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Identify a 17th or 19th century blackletter font?

Go to solution Solved by Kevin Thompson,

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Hi everyone,

I'm currently evaluating a late 17th-century source on varnishing and lacquering. 

EDIT: The source is one of the several known editions of 'A Treatise of Japaning [Sic] and Varnishing Being a Compleat Discovery of Those Arts', by John Stalker and George Parker, published in 1688, Oxford. 

One of the editions of this source that I'm studying has two title pages, which is quite odd.

One title page looks similar to the other editions known however, the second title page uses a font which makes it a little bit suspicious. It uses a font which is not often used during the 17th century and I have the impression that it might be more of a 19th century font. 

Is here anyone who could help me identify this font? And if (at all) possible, situate it in time and/or region? 

If not, can someone suggest me some good readings on 19th century fonts? 

Thank you!

typeface_fac_S&P.jpg

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  • Solution

Caslon Text, a blackletter by William Caslon, seems to match your sample, and first appeared in about 1734 (here’s a link to a sample from the following year):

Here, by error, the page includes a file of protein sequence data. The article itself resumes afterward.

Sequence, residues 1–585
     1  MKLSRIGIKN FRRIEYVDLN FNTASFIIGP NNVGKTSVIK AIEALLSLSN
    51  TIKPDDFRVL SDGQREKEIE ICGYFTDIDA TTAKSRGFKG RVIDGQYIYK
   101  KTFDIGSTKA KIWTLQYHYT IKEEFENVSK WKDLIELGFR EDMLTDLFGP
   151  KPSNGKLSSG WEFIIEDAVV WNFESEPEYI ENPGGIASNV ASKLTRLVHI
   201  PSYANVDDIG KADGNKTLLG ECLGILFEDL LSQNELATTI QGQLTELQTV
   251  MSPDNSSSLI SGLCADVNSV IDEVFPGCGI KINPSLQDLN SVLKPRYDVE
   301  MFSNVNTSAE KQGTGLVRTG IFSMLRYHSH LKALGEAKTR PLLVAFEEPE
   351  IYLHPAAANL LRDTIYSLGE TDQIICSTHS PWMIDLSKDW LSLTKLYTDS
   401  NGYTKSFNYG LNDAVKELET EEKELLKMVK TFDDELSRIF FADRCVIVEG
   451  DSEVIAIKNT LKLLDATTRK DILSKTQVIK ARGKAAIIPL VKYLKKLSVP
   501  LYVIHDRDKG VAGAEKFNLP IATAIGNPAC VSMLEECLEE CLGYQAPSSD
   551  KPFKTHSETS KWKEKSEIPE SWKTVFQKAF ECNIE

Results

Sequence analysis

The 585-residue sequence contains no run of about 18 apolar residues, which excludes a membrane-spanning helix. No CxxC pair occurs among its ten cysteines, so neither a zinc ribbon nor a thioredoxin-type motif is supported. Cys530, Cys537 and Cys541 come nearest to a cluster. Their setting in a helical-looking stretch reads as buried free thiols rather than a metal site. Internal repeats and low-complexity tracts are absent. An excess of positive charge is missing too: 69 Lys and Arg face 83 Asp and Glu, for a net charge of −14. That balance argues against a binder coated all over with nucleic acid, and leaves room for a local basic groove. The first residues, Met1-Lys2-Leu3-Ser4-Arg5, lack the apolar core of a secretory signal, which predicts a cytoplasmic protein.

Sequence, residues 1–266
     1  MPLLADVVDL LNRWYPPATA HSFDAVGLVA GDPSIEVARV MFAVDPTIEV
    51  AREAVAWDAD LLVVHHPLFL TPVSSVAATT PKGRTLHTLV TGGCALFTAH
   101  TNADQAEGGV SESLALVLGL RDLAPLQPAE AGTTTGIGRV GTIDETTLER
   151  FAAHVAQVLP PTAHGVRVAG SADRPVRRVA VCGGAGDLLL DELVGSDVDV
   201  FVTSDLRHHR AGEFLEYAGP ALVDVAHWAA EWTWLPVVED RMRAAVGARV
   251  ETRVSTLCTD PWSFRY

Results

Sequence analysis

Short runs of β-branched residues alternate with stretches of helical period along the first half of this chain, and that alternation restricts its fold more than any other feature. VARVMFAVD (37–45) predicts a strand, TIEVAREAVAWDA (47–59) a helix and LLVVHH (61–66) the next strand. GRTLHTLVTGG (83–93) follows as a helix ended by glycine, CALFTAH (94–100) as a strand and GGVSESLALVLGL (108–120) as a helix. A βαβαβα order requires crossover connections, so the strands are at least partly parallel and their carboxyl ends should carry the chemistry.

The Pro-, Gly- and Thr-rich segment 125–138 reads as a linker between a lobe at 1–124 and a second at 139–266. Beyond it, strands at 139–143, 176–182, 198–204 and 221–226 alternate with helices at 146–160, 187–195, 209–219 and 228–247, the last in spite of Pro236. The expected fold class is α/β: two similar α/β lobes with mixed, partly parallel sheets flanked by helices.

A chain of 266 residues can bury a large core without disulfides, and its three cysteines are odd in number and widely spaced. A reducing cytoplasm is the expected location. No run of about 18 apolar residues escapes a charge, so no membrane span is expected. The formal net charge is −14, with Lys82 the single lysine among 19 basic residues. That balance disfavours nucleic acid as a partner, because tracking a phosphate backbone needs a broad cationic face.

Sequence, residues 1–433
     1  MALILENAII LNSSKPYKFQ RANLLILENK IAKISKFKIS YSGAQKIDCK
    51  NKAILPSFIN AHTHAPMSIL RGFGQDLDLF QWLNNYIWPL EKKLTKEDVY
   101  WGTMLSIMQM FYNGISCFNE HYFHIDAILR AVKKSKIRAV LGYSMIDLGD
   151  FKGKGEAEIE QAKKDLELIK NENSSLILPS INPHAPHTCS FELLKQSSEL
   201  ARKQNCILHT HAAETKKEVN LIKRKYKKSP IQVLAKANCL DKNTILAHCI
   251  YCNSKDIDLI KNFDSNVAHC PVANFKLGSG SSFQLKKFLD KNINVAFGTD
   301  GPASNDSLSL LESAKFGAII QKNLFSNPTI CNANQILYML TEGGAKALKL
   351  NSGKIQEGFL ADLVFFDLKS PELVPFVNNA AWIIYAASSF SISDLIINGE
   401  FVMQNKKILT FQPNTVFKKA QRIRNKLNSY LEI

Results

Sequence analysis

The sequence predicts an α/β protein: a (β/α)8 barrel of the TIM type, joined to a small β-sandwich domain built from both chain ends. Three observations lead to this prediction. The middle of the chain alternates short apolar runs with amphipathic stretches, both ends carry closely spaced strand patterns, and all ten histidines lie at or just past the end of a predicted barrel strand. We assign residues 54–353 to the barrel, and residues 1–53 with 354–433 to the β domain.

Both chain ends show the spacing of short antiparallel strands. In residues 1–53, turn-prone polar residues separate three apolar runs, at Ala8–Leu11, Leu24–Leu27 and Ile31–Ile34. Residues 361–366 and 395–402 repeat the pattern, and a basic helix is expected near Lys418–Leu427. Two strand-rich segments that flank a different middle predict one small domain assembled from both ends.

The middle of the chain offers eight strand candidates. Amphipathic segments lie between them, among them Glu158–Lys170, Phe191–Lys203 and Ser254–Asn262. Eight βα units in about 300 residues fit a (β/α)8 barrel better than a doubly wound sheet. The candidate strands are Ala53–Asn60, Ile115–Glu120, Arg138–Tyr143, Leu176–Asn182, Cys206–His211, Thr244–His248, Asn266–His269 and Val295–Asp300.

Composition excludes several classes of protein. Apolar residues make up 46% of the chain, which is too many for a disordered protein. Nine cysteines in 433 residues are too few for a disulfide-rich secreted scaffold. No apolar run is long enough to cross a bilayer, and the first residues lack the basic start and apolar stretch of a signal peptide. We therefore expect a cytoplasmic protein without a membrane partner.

https://www.archive.org/stream/specimenofprinti00caslrich#page/n5/mode/2up

It was revived in the 19th century, first as Priory Text, then as Cloister Black:

https://fontsinuse.com/typefaces/7875/cloister-black

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  • very interesting! 1
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Good point, Riccardo.

So, if Caslon’s version is early 18th century, the second title page may date from only 50 years or so after the publication of the book.

And what was Caslon’s source for Caslon Text? It may have existed in some other form (probably wood type) that was contemporary with the book’s publication date (1688), and Caslon merely adapted it and gave it a name for his own foundry.

I’m afraid using the typeface by itself to date the second title page isn’t a sure thing....

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Hi Kevin and Riccardo,

thank you so much! Really interesting.

So far I've read that the Caslon blackletter was inspired on the Cloister black letter, which dates back to the 15th c. and remained quite popular in England throughout the 17th century. Caslon apparently 'revived' the interest in this font due to his new design. 

I'm afraid Kevin might be right when stating it is difficult to connect this font to a specific period in time...unless someone else has another opinion on this matter :)

 

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